The term ‘open source’ is commonly applied to some software these days. The term is applied to things that can be engineered without any patent infringement.
Christian Carelberg, a mechanical engineer, designed an open source flashlight called HexBright. The HexBright is a flashlight that is made of solid aircraft grade aluminum and the device features a CREE XM-L LED light.
The flashlight has an 18650 lithium-ion battery that can be charged via its micro-USB port. The flashlight will be shipped with four default modes, including flash, low, medium and high. The flashlight’s light modes can be programmed using a PC.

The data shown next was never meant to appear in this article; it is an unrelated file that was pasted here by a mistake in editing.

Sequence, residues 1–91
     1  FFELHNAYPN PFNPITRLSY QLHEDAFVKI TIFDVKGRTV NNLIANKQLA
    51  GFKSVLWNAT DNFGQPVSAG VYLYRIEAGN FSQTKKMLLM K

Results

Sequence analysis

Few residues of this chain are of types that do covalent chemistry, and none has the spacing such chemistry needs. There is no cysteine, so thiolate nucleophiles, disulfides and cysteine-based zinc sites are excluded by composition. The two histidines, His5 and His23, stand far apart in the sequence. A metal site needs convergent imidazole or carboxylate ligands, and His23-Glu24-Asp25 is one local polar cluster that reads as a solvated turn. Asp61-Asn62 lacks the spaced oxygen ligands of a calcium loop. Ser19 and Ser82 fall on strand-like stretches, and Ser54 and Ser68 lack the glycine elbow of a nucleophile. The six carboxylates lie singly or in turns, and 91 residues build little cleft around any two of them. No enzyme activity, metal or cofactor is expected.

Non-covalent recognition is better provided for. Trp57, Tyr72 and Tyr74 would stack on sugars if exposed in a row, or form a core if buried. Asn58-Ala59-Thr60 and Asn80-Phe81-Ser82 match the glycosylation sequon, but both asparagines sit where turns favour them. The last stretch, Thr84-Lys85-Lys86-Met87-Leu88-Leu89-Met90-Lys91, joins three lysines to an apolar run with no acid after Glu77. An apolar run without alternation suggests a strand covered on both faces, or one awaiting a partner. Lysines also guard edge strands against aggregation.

The HexBright flashlight is now one of Kickstarter’s top 10 most funded projects, having raised $179,688, $148,688 higher than its $31,000 goal. The product has attracted 2,285 backers.
Talking about the product’s success, Carelberg said: “When I told people at the Bay Area Maker Faire I was going to make an open source, programmable flashlight some people called me crazy. Now seven weeks later, my project HexBright FLEX is one of the top ten most funded Kickstarter projects to date, raising over $175,000 and over 2000 backers who think I am not crazy, including MythBuster legend Grant Imahara.”
HexBright is available in two models: the smaller HexBright Prime and the bigger and more powerful HexBright Flex. For additional information about the product, you can check out its Kickstarter page.